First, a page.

Pairs and Spares in Forks (A guest post by Veronica Rotta)
Pairs – or couples – in the Twilight Saga are the ones to find happiness. Once they have, the pairs seem to turn their attention to the spares – or singles – of the town. Edward, during the majority of Midnight Sun is very sullen — the odd man out. He laments “Some days it was harder than others to live with three sets of perfectly matched lovers. This was one of them” (Midnight Sun, 56). For decades, Edward has lived with three couples who are hopelessly in love, with some of the couples being demonstratively affectionate. Stephenie Meyer’s Saga of ultimately-happy-characters-who-reside-in-wonderful-wedded-bliss seem to imply that in order to be happy, you need to have a life-mate.
Never mind that many single people choose to be single and, for the most part, are reasonably happy. Single people answer to no one, possess the freedom to do what they wish when they wish, and are responsible only for themselves. Edward, however, seems to feel he will never meet the girl of his dreams. Even though he has had the chance for happiness by the Saga’s terms — that is having girls pursue him such as Tanya — he is still not interested in any of them. Instead Edward is just waiting for the right girl. The Saga even insinuates that if you don’t have a mate to love, you don’t understand what it means to protect those you do love. Jasper states “…you don’t feel the way I feel about her, Edward, and you haven’t lived… You don’t understand” (Midnight Sun, 84). It doesn’t seem fair to suggest that just because Edward doesn’t have a spouse like the other Cullen’s, then he doesn’t love his family enough to protect them.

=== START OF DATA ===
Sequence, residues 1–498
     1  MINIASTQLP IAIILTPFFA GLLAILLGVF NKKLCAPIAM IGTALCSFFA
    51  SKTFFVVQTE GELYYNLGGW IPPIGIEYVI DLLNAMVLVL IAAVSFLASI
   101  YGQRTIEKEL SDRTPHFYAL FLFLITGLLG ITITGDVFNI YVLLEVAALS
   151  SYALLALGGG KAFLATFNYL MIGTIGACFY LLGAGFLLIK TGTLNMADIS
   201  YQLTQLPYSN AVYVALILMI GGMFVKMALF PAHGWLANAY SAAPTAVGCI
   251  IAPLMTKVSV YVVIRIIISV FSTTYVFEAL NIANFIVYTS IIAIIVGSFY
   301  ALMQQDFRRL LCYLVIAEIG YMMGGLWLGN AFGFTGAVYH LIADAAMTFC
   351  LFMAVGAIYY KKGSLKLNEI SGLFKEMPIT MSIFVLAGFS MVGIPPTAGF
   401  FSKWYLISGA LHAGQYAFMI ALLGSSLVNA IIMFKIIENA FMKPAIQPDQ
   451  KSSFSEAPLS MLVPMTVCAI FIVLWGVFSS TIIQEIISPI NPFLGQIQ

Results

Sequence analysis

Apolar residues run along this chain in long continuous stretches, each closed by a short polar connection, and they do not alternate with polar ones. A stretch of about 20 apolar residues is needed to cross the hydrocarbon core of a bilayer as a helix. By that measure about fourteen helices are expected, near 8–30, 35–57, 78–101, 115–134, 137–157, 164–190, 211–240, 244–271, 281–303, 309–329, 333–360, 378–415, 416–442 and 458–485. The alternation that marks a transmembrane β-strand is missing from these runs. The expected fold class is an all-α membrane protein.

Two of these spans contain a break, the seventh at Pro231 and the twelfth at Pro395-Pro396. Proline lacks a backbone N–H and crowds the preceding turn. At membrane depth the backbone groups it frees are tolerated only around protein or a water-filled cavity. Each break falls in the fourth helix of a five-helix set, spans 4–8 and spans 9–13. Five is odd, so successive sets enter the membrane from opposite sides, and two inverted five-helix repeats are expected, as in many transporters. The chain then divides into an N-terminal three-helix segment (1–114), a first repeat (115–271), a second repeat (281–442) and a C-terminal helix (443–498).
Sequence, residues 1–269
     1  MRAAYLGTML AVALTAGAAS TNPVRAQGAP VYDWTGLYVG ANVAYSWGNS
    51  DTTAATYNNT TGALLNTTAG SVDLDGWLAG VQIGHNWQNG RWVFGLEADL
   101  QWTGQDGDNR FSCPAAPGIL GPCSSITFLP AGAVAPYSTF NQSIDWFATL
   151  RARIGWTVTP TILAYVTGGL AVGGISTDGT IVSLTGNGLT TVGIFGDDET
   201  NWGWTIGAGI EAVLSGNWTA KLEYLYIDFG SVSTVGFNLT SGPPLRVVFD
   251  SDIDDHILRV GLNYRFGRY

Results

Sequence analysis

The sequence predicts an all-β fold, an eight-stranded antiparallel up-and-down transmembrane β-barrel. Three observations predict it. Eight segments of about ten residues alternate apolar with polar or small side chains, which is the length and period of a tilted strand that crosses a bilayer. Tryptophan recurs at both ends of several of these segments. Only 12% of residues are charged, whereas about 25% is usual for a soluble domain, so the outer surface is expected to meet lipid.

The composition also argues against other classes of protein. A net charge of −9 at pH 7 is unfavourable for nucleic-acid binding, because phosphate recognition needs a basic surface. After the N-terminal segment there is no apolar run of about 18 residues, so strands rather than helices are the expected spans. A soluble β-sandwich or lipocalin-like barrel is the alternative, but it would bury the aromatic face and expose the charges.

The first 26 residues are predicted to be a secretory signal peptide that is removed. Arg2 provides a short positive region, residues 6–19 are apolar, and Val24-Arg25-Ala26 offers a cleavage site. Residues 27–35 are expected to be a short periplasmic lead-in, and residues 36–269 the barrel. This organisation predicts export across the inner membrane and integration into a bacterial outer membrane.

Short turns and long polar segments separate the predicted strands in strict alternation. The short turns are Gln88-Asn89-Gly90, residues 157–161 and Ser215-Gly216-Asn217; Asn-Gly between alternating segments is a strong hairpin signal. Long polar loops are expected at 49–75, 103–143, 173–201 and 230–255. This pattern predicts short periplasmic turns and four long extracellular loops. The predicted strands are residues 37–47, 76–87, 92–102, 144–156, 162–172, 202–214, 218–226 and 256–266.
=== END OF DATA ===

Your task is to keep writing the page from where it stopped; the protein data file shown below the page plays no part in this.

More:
Everyone in the saga (non-human and human alike) seem to be always trying to find a mate: Jessica needed to have Mike ask her to the dance; Edward was in continual pursuit of Bella; suddenly Jacob realized that he needed Bella; then gradually Edward realized that he needed Bella back in his life; and on it goes!
No one stays single in the saga, instead everyone is trying desperately to find the perfect lover to complete his/her life. It seems to be a never-ending search. Even Charlie in Breaking Dawn is having dinner often with Sue Clearwater, whose husband has recently died. The entire town of Forks seems to have co-dependency issues — maybe suffering from “SAD,” the seasonal depression caused by lack of sun!
No one in Forks seems to enjoy single life. Victoria, in her quest to avenge her lover’s death, doesn’t even try single life. Bella was single during her time in Phoenix. Even though she never stated that she was unhappy, she never did say how thrilled she was discovering life on her own. Only when she meets and pairs with Edward does her life suddenly have meaning. Even in Breaking Dawn, Bella continually worries about poor, single Jacob. The only person who seems to remain single for the majority of the Saga is Charlie, and is portrayed as totally inept when it comes to something as simple as cooking spaghetti! Meyer, in the end however, even has Charlie succumb to becoming part of a pair: Bella observes that “Sue would be with Charlie…and he wouldn’t be alone anymore” (Breaking Dawn, 732).
Carlisle makes it his mission to find mates for his coven family. He first acquires Edward trying to save his life at Edward’s mother’s pleading, but to also have a buddy. Esme is then rescued because Carlisle wanted her. Rosalie was created so Edward could be loved, and when that didn’t work out Emmet was created at Rosalie’s request. Maybe Carlisle missed his calling by becoming a doctor and should have become a vampire matchmaker instead. He and Meyer both seem to be very interested in making sure everyone has a life partner for eternity.